• DEPTH (6%) – has well-developed characters with interiority and agency; avoids stereotypes and superficiality

    • “The best are…wonderfully specific in their subject matter, but universal in their theme; they approach big human questions…” D. D. Johnston, Online Writing Tips Story Prize, 2/14/19.
  • ECONOMY (5%) – concision that facilitates clarity; avoids superfluous words, complicated syntax

    • “…some 8000 word stories probably need to be 3800-word stories.” W. Wimmer, Witness, 6/4/19.
  • AUTHENTICITY (4%) – feels natural and genuine; shows “emotional honesty”

    • “Factual truth is secondary to emotional truth.” N. Olson, (mac)ro(mic), 6/7/19.
  • VOICE (2%) – a voice that is distinctive and congruent with the narrator and/or characters

    •  “…a powerful, authentic voice.” M. Bast, Bacopa Literary Review, 1/25/19
  • DIALOGUE (1%) – works in concert with or facilitates the narration; format doesn’t distract

    • “Dialogue that develops character.” K. Keating, CRAFT, 2/24/19.

The characteristic of Impact was mentioned most often (22%) by the editors surveyed. This shouldn’t be surprising, as it can be anticipated that readers want stories that at least entertain, make them think and, at best, have an emotional impact. Readers want to feel something. They are investing time and possibly a subscription fee and want the experience to be worthwhile.

The next three most-mentioned characteristics were in a close tie: Creativity (15%), Language / Prose (15%), and Guidelines (14%). What fiction editors want: something new, or at least a new take on a familiar theme. Newness can come from the presentation as well as from the subject matter, with many literary journals expressing an interest in creative narrative structures, novel uses of language, or genre-blending. Editors also are interested in the clarity and quality of the prose. Some are willing to invest varying degrees of effort in editing corrections and refinements, but many are not. 

At first, I was a little surprised at how attention to Guidelines ranked along with Creativity and Language / Prose, but then I remembered many editors consistently express the importance of reading and following their submission guidelines. This makes sense, of course, because when a short fiction editor receives, for example, a piece from an unwanted genre, or a work of creative nonfiction, it wastes everyone’s time. Beyond specific expectations, however, it may be somewhat difficult to ascertain the “kind” of writing some editors favor, but for this almost all recommend becoming familiar with what they have published before submitting. 

The remaining desired characteristics of short fiction submissions range in importance from Structure (8%) to Dialogue (1%), with Depth at only 6%. This indicates a story doesn’t necessarily need to be layered with deep meaning, as long as it is well-written, shows originality and makes an impact.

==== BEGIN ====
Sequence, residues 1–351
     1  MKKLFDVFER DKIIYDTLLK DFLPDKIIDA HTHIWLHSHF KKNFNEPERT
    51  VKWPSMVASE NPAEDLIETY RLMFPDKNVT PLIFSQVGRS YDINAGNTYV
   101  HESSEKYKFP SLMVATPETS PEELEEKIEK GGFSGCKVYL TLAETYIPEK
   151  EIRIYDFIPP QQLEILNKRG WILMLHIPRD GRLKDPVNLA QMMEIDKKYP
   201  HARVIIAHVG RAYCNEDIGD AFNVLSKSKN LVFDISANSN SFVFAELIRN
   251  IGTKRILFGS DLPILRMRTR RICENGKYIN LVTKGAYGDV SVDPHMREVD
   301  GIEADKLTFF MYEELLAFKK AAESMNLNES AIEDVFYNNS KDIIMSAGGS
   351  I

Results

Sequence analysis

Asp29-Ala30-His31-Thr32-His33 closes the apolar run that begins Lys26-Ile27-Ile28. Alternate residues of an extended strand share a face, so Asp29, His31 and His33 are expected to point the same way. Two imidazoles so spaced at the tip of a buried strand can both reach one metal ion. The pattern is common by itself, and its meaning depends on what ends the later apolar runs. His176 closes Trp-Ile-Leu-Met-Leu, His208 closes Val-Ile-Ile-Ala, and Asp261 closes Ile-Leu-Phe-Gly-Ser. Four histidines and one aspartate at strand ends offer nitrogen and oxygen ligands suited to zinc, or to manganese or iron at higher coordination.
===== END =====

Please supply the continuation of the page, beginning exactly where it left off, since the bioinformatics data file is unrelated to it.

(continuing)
If I had to pick one response that succinctly sums up the results of this survey, it could be “Our ideal submission is one which follows our guidelines to the letter, tells a compelling story and evokes an emotional response from our editors. Sounds easy, but it isn’t” (Dennis Doty, Managing Editor of Saddlebag Dispatches, March 20, 2019). Based on my experience as both a fiction submissions reader and a short story writer, I would say ideal submissions—the ones with the greatest likelihood of getting published, contain something of each of the above-listed characteristics, with some items being arguably more important than others. 

This study attempted to identify the relative importance of short fiction craft elements, as described by a sample of editors. Although it may be possible to reduce a piece of art to some of its components or attempt to accurately predict what fiction editors want, in the end, the beauty of art is in the eye of the beholder. Or, as it says in the submission guidelines of The Sun (established in 1974), “Surprise us. We often don’t know what we’ll like until we read it.”

1. Listed on Duotrope as of September 7, 2019. Another 1,439 active nonfiction, poetry, and visual art publishers also were listed, indicating 76% of all active markets want fiction submissions; however, many of the markets are interested in combinations of all three.

Author headshot
David K. Slay (Guest Blogger)

After retiring from a career as a psychologist, David K. Slay completed two years of short story writing workshops, primarily in the University of California, Los Angeles, Writers’ Program. His work can be found in a diverse group of literary journals, including Gold Man Review, Calliope, ImageOutWrite, Wards, Random Sample, The Magnolia Review, CRAFT, and others. He currently is a fiction submissions reader for CRAFT, and has served as a guest editor for Vestal Review.